30


 

SIGNATURE

 

Pursuant to the requirements of Section 13 or 15(d) of the Securities Exchange Act of 1934, the Registrant has duly caused this Report to be signed on its behalf by the undersigned, thereunto duly authorized.

 

TEXAS INSTRUMENTS INCORPORATED

By:   /s/    KEVIN P. MARCH        
    Kevin P. March
    Senior Vice President,
    Chief Financial Officer
    and Chief Accounting Officer

 

Date: February 28, 2005

 

Each person whose signature appears below constitutes and appoints each of Richard K. Templeton, Kevin P. March and Joseph F. Hubach, or any of them, each acting alone, his or her true and lawful attorneys-in-fact and agents, with full power of substitution and resubstitution, for such person and in his or her name, place and stead, in any and all capacities in connection with the annual report on Form 10-K of Texas Instruments Incorporated for the year ended December 31, 2004, to sign any and all amendments to the Form 10-K, and to file the same, with all exhibits thereto, and other documents in connection therewith, with the Securities and Exchange Commission, granting unto said attorneys-in-fact and agents, each acting alone, full power and authority to do and perform each and every act and thing requisite and necessary to be done in and about the premises, as fully to all intents and purposes as he or she might or could do in person, hereby ratifying and confirming all that said attorneys-in-fact and agents, or their substitutes or substitute, may lawfully do or cause to be done by virtue hereof.

 

Pursuant to the requirements of the Securities Exchange Act of 1934, this Report has been signed below by the following persons on behalf of the Registrant and in the capacities indicated on the 28th day of February 2005.

 

Signature


  

Title


/s/    JAMES R. ADAMS        


James R. Adams

  

Director

/s/    DAVID L. BOREN        


David L. Boren

  

Director

/s/    DANIEL A. CARP        


Daniel A. Carp

  

Director

 

31


/s/    CARRIE S. COX        


Carrie S. Cox

  

Director

/s/    THOMAS J. ENGIBOUS        


Thomas J. Engibous

  

Chairman of the Board; Director

/s/    GERALD W. FRONTERHOUSE        


Gerald W. Fronterhouse

  

Director

/s/    DAVID R. GOODE        


David R. Goode

  

Director

/s/    PAMELA H. PATSLEY        


Pamela H. Patsley

  

Director

/s/    WAYNE R. SANDERS        


Wayne R. Sanders

  

Director

/s/    RUTH J. SIMMONS        


Ruth J. Simmons

  

Director

/s/    RICHARD K. TEMPLETON        


Richard K. Templeton

  

Director; President and Chief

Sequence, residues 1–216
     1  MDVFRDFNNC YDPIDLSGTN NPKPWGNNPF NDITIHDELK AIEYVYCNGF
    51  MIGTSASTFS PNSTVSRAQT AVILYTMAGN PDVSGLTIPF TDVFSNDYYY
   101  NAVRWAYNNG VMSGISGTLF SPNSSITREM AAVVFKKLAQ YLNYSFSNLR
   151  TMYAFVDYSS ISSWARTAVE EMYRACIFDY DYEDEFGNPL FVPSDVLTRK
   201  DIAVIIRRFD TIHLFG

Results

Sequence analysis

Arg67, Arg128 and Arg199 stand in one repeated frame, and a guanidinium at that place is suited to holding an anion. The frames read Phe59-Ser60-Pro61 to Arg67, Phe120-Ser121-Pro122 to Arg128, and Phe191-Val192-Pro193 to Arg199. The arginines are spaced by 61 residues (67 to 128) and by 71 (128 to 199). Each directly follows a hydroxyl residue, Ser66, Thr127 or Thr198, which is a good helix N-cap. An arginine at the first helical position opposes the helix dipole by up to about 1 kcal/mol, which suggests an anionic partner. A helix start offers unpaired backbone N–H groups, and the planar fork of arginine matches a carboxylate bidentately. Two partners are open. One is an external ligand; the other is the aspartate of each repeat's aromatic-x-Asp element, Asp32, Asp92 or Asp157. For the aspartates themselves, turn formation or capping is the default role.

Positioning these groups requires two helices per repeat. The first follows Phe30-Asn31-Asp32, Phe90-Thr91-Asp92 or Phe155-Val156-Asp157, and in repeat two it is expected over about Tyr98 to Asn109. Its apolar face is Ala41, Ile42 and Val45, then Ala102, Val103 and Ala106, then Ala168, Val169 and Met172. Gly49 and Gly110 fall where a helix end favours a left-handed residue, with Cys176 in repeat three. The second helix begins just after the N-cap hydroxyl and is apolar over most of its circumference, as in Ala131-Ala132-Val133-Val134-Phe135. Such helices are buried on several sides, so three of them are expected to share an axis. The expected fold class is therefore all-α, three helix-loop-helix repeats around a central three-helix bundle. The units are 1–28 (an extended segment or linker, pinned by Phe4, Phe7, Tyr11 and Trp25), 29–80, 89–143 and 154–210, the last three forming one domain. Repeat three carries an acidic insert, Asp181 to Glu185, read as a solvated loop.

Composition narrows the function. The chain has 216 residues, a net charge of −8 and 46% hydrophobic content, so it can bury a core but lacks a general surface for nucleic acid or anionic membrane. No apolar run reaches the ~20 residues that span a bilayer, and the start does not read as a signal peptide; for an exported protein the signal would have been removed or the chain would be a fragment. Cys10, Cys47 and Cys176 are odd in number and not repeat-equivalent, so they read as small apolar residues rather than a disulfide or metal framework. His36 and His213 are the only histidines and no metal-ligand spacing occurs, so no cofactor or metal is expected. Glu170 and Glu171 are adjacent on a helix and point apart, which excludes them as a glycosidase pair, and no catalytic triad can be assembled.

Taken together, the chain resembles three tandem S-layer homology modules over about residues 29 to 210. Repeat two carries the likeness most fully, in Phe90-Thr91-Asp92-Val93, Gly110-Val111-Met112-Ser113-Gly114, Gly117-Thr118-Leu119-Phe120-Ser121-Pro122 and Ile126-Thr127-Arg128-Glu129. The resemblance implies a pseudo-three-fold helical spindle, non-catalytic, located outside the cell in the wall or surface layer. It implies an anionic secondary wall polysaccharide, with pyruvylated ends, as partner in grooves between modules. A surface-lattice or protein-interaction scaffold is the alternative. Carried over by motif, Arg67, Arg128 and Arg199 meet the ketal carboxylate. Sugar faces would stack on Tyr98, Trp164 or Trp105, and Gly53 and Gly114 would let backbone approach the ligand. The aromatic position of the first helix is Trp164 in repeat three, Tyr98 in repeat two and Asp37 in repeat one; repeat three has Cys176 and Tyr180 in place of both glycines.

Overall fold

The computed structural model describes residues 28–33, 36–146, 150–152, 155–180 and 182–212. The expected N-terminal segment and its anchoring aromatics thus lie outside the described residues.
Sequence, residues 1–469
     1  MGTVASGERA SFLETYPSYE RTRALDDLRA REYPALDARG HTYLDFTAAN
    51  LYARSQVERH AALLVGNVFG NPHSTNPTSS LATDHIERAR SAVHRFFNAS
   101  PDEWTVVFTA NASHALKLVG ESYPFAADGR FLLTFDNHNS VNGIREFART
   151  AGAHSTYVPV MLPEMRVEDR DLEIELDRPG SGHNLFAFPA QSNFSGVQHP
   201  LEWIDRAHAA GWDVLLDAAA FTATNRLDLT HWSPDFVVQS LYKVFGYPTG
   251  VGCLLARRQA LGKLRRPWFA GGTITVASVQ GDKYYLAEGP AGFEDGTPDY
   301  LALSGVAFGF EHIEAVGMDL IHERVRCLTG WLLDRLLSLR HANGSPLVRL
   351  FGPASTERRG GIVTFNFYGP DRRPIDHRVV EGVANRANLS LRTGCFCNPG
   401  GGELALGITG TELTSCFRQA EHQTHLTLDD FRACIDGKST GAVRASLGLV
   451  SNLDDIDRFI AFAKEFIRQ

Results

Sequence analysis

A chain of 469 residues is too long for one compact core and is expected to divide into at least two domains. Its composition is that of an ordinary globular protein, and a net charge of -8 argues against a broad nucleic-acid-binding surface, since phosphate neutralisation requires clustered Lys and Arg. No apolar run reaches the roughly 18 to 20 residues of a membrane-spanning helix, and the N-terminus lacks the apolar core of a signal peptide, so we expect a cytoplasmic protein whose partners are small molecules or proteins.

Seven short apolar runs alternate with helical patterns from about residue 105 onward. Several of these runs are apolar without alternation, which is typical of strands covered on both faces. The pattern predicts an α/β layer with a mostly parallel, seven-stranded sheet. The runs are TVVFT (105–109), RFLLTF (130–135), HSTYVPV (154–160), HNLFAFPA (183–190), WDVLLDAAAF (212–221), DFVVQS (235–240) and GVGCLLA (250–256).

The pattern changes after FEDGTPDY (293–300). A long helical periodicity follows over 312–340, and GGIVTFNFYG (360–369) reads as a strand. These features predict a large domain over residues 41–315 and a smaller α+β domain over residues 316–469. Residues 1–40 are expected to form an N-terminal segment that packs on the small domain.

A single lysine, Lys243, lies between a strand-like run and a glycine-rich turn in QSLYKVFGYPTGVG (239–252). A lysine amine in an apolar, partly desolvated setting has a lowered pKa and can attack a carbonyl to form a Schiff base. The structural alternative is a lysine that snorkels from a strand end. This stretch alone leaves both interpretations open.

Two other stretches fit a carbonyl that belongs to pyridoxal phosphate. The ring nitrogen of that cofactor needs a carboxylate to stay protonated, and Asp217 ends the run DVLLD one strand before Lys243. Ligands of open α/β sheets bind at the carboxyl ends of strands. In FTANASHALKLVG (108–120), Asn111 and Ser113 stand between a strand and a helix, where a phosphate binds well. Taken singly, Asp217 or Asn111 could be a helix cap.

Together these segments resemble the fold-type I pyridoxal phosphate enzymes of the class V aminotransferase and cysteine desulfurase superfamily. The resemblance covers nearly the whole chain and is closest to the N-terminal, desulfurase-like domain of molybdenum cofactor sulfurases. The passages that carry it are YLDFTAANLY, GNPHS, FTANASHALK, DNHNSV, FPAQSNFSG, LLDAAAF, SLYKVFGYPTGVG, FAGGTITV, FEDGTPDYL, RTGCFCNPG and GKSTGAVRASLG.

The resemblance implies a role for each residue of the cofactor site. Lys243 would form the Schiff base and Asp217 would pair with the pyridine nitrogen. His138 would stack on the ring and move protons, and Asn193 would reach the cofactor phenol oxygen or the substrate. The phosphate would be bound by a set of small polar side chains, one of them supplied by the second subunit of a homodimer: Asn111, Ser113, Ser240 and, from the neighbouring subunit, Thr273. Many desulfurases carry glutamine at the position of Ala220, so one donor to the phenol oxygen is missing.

Executive Officer


Christine Todd Whitman

  

Director

/s/    KEVIN P. MARCH        


Kevin P. March

  

Senior Vice President; Chief

Financial Officer; Chief Accounting

Officer

 

32


 

TEXAS INSTRUMENTS INCORPORATED AND SUBSIDIARIES

 

INDEX TO FINANCIAL STATEMENTS

AND FINANCIAL STATEMENT SCHEDULE

(Item 15(a))

 

     Page Reference

     2004 annual
report to
stockholders


Information incorporated by reference to the Registrant’s 2004 annual report to stockholders

    

Consolidated Financial Statements:

    

Operations for each of the three years in the period ended December 31, 2004

   6

Comprehensive Income (Loss) for each of the three years in the period ended December 31, 2004

   7

Balance sheet at December 31, 2004 and 2003

   8

Cash flows for each of the three years in the period ended December 31, 2004

   9

Stockholders’ equity for each of the three years in the period ended December 31, 2004

   10

Notes to financial statements

   11-38

Report of Independent Registered Public Accounting Firm

   39

Consolidated Schedule for each of the three years in the period ended December 31, 2004:

    

II. Allowance for Losses

    

 

All other schedules have been omitted because the required information is not present or not present in amounts sufficient to require submission of the schedule, or because the information required is included in the consolidated financial statements or the notes thereto.

 

33


Schedule II

 

TEXAS INSTRUMENTS INCORPORATED AND SUBSIDIARIES

ALLOWANCE FOR LOSSES

(In millions of dollars)

Years Ended December 31, 2004, 2003, and 2002

 

    

Balance at

Beginning

of Year


  

Additions

Charged to

Operating

Results


   Usage

   

Balance

at End

of Year


2004

   $ 47    $ 7    $ (13 )   $ 41
    

  

  


 

2003

   $ 60    $ 16    $ (29 )   $ 47
    

  

  


 

2002

   $ 61    $ 46    $ (47 )   $ 60
    

  

  


 

 

Allowances for customer adjustments and doubtful accounts are deducted from accounts receivable in the balance sheet.